Cooby Dam (Groomsville end)

Our sharp-eyed group of nine observers enjoyed a visit to the far north-east part of the Cooby Dam reserve, on a very warm Saturday 26 November. With filling of the dam over the past year or so, interesting waterways and reedy swamps were a feature of this location, as well as the perennial eucalypt-dominated woodland and patchy grassland.

At the Groomsville end of Cooby Dam. Photo: Scot McPhie

Satellite image of the area

Starting near the Cooby Creek bridge and eventually working on both sides, we accumulated 54 bird species within a 500 metre radius.

All our survey data can be seen here on Birdata.

Birdata entry

On this occasion we tried the ‘embedded survey’ method, including a 2-hectare, 20-minute site at a shared centrepoint, which yielded nine species.

Photo: Scot McPhie

The full list of species seen is as follows

Australasian DarterAnhinga novaehollandiae
Australian MagpieGymnorhina tibicen
Australian PelicanPelecanus conspicillatus
Australian Reed-WarblerAcrocephalus australis
Australian White IbisThreskiornis moluccus
Bar-shouldered DoveGeopelia humeralis
Black SwanCygnus atratus
Black-faced Cuckoo-shrikeCoracina novaehollandiae
Brown GoshawkAccipiter fasciatus
Brown QuailSynoicus ypsilophora
Brown ThornbillAcanthiza pusilla
DollarbirdEurystomus orientalis
Double-barred FinchTaeniopygia bichenovii
Dusky MoorhenGallinula tenebrosa
Eastern KoelEudynamys orientalis
GalahEolophus roseicapilla
Golden-headed CisticolaCisticola exilis
Great CormorantPhalacrocorax carbo
Great Crested GrebePodiceps cristatus
Great EgretArdea alba
Grey ButcherbirdCracticus torquatus
Grey TealAnas gracilis
Grey-crowned BabblerPomatostomus temporalis
HardheadAythya australis
Laughing KookaburraDacelo novaeguineae
Leaden FlycatcherMyiagra rubecula
Little Black CormorantPhalacrocorax sulcirostris
Little FriarbirdPhilemon citreogularis
MistletoebirdDicaeum hirundinaceum
Noisy FriarbirdPhilemon corniculatus
Noisy MinerManorina melanocephala
Olive-backed OrioleOriolus sagittatus
Pacific Black DuckAnas superciliosa
Pale-headed RosellaPlatycercus adscitus
Pheasant CoucalCentropus phasianinus
Pied CurrawongStrepera graculina
Red-browed FinchNeochmia temporalis
Rufous WhistlerPachycephala rufiventris
Sacred KingfisherTodiramphus sanctus
Scaly-breasted LorikeetTrichoglossus chlorolepidotus
SilvereyeZosterops lateralis
Spangled DrongoDicrurus bracteatus
Spotted DoveStreptopelia chinensis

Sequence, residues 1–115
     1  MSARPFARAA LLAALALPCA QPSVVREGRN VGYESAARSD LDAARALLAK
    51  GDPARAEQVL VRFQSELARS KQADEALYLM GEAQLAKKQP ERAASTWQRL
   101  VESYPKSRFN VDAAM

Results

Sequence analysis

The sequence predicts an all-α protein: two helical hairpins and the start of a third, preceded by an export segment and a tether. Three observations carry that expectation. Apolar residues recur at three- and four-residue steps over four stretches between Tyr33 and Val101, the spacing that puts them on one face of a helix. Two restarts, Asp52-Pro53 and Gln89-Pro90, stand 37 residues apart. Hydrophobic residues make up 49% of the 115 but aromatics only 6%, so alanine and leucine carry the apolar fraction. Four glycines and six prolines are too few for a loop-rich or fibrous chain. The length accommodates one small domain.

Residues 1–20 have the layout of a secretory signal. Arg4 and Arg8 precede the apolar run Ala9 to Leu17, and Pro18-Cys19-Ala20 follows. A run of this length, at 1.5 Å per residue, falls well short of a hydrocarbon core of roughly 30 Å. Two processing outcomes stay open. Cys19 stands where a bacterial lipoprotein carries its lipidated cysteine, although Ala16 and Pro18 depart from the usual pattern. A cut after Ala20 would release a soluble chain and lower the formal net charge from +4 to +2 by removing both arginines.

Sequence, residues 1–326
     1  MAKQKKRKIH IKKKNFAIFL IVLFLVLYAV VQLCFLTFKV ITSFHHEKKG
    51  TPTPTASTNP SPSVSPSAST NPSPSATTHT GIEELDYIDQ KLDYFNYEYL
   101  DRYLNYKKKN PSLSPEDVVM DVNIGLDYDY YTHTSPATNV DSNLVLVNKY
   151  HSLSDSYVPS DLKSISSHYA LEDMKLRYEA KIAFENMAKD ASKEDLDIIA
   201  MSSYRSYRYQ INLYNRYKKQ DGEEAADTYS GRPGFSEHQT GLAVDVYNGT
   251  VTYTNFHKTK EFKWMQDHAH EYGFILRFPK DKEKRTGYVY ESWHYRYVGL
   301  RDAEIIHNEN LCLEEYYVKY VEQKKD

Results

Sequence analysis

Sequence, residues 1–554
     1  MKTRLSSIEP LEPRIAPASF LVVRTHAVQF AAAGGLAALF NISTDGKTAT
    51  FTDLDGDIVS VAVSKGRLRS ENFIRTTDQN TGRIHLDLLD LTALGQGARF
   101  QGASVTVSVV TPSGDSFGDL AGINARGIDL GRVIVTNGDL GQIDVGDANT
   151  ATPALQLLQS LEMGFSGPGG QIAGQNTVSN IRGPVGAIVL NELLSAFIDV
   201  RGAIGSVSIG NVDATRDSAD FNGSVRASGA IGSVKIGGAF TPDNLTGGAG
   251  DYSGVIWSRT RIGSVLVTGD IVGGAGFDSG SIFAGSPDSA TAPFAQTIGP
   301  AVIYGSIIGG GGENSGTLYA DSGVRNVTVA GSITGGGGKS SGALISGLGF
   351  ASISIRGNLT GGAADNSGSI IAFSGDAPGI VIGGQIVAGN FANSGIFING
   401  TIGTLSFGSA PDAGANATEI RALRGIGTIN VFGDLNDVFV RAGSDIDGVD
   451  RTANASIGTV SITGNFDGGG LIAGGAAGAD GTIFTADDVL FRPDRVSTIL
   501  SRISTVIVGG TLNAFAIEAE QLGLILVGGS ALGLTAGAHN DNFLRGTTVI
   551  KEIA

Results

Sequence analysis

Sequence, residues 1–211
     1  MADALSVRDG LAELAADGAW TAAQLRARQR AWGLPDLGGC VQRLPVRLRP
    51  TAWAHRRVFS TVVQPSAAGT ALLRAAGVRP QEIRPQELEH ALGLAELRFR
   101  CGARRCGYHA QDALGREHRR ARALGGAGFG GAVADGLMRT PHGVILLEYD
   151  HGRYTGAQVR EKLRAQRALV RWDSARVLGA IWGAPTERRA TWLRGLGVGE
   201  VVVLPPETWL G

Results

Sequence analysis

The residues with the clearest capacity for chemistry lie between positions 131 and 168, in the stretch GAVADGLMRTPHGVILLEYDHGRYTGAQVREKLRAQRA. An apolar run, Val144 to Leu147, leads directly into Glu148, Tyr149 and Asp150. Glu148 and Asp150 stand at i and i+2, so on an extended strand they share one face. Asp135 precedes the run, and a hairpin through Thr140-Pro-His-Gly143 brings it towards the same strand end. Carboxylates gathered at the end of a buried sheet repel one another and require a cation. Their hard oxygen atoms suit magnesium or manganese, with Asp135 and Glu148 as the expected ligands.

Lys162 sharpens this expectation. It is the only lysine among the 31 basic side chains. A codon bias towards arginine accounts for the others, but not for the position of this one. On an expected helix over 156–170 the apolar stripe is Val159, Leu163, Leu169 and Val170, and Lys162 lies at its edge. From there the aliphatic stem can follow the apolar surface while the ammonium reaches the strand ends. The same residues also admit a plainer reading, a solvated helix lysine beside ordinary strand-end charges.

Striated PardalotePardalotus striatus
Striped HoneyeaterPlectorhyncha lanceolata
Superb Fairy-wrenMalurus cyaneus
Tawny GrassbirdCincloramphus timoriensis
Variegated Fairy-wrenMalurus lamberti
WeebillSmicrornis brevirostris
Welcome SwallowHirundo neoxena
White-throated GerygoneGerygone olivacea
White-throated HoneyeaterMelithreptus albogularis
Willie WagtailRhipidura leucophrys
Yellow-faced HoneyeaterCaligavis chrysops

Photo: Scot McPhie

A highlight today was breeding activity by seven species. In the drowned creek waterway, Great Crested Grebes were seen with one small young and Grey Teal with a brood of seven.

Bush-birds with nests or young were Superb Fairy-wren, Noisy Friarbird, Willie Wagtail, Red-browed Finch and White-throated Gerygone. We were surprised that the tiny gerygones were building their nest so high in a large, rough-barked Angophora tree but perhaps that would keep it safe from predatory goanas?

Other birds of interest were several Great Cormorants—very much a reservoir species in our region—three Dollarbirds and a group of Grey-crowned Babblers. The relatively scarcity of waterbirds was thought to be explainable by the abundance of wetland habitat both in our region at present and across inland eastern Australia (other local wetlands also have few waterbirds). It seems that waterbirds, like humans, enjoy a change of scenery even when the grass is green at home.

The area also featured many turtle nests where the young had long since hatched, and two koalas!

Old turtle nest Photo: Scot McPhie

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